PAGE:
Scripted by British television newsreader Gordon Honeycombe and based on his same-name novel, NEITHER THE SEA NOR THE SAND is one of the more minimalist and rather obscure horror films to come out of the U.K. in the early 1970s. Produced by Tony Tenser’s celebrated Tigon company, it has for the most part remained unseen in the U.S. after its brief 1974 theatrical run from the long defunct International Amusements Corp. Redemption presents this very strange ghost/love story on home video for the second time in this country, as it was previously released on DVD through Image Entertainment in 2007.
Along the rocky shores of the remote Isle of Jersey, blonde Anna (Susan Hampshire) meets an outspoken young lighthouse keeper named Hugh (Michael Petrovitch). Estranged from her husband, Anna falls deeply for Hugh – and vice versa – making passionate love and flying to Scotland for a romantic getaway. There, Hugh seemingly has a sudden heart attack, and when Anna comes back with help, her lover is pronounced dead by the local doctor. Later that evening, Hugh walks back into her life, so Anna assumes his death was a mistake, but he’s not the same. Speechless and constantly staring, Hugh is now an unearthly apparition of his former self.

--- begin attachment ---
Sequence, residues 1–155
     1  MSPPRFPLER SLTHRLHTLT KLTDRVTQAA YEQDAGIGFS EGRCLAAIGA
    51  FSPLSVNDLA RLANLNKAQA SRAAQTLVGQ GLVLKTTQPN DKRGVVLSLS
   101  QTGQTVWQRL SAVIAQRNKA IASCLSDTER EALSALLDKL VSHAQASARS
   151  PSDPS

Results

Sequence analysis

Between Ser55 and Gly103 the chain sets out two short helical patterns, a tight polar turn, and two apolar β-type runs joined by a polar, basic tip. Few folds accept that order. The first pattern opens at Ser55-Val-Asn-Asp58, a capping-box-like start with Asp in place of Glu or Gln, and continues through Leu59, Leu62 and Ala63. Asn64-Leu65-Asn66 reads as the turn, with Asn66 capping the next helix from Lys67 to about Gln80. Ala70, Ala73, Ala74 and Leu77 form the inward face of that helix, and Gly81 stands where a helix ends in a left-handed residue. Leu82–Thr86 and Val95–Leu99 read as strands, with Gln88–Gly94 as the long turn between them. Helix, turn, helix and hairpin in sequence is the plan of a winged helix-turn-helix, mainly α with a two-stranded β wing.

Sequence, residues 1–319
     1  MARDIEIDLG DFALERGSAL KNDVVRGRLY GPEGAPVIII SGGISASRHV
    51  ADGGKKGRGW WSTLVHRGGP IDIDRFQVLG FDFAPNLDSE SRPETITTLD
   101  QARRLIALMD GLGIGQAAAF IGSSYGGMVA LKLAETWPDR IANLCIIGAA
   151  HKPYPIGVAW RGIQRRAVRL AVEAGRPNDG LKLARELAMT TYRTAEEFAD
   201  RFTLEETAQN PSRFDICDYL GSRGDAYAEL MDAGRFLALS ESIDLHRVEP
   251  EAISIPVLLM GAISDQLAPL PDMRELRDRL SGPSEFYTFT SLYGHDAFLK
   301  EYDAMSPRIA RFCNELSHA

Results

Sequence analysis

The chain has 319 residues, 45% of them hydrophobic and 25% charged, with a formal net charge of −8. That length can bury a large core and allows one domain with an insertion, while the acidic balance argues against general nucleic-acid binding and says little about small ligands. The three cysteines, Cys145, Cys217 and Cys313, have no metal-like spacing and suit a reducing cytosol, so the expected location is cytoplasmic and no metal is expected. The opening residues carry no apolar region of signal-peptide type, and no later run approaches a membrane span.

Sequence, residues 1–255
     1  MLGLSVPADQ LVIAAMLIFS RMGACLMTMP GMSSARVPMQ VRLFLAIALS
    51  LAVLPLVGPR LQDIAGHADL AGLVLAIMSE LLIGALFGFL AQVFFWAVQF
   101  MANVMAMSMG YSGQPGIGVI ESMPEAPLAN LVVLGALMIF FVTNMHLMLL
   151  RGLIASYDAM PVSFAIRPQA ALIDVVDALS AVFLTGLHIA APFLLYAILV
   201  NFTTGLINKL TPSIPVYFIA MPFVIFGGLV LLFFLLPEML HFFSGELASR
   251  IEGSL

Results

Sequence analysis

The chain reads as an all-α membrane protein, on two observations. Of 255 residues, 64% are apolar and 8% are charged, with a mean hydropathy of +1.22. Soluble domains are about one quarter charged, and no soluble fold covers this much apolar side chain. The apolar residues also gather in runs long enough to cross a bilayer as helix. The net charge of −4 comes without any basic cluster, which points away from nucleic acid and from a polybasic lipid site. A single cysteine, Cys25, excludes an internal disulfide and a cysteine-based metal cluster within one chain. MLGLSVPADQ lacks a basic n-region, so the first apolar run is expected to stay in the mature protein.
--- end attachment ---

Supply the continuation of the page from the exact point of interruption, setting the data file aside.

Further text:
Slowly paced but unusual, scenic and engaging enough, NEITHER THE SEA NOR THE SAND has a number of ambiguous plot points, such as a futile location transaction from Jersey to Scotland, or hints at Hugh resembling a long-dead ancestor in a painting (is he actually a family ghost?). Like in Bob Clark’s DEATHDREAM, Hugh returns to his loved one after being pronounced dead, and despite his unusual and dangerous behavior (he does end up murdering) and rotting features, Anna is in total denial until it’s too late. As Anna, Hampshire’s performance holds the film together, with her character becoming one with her zombified lover before the climax, even walking in a trance-like state at one point. Petrovitch’s deadpan approach fits Hugh well (horror fans might remember the actor from Kim Novak’s segment of TALES THAT WITNESS MADNESS) and second-billed Frank Finlay has a very small part as his stuffy, over-religious brother. Finlay has one of the most memorable scenes in the picture, setting fire to Hugh’s hand to prove his sub-human condition and fanatically dictating that he must be taken to a priest for an exorcism.
Redemption's new DVD appears to be the of the same print source used for the Image release of several years ago. Here, NEATHER THE SEA NOR THE SAND is in a satisfying transfer, presenting the film in a suitable 1.78:1 widescreen ratio with anamorphic enhancement. Colors are pretty strong and picture detail is very good for the most part, with only some slightly darker scenes and several minor print blemishes towards the end of the film. The English language mono track also comes off very well. A still gallery includes various lobby cards, behind-the-scenes pics, as well as video covers and poster art. Trailers for other Redemption DVD releases round out the extas. (George R. Reis)
BACK TO REVIEWS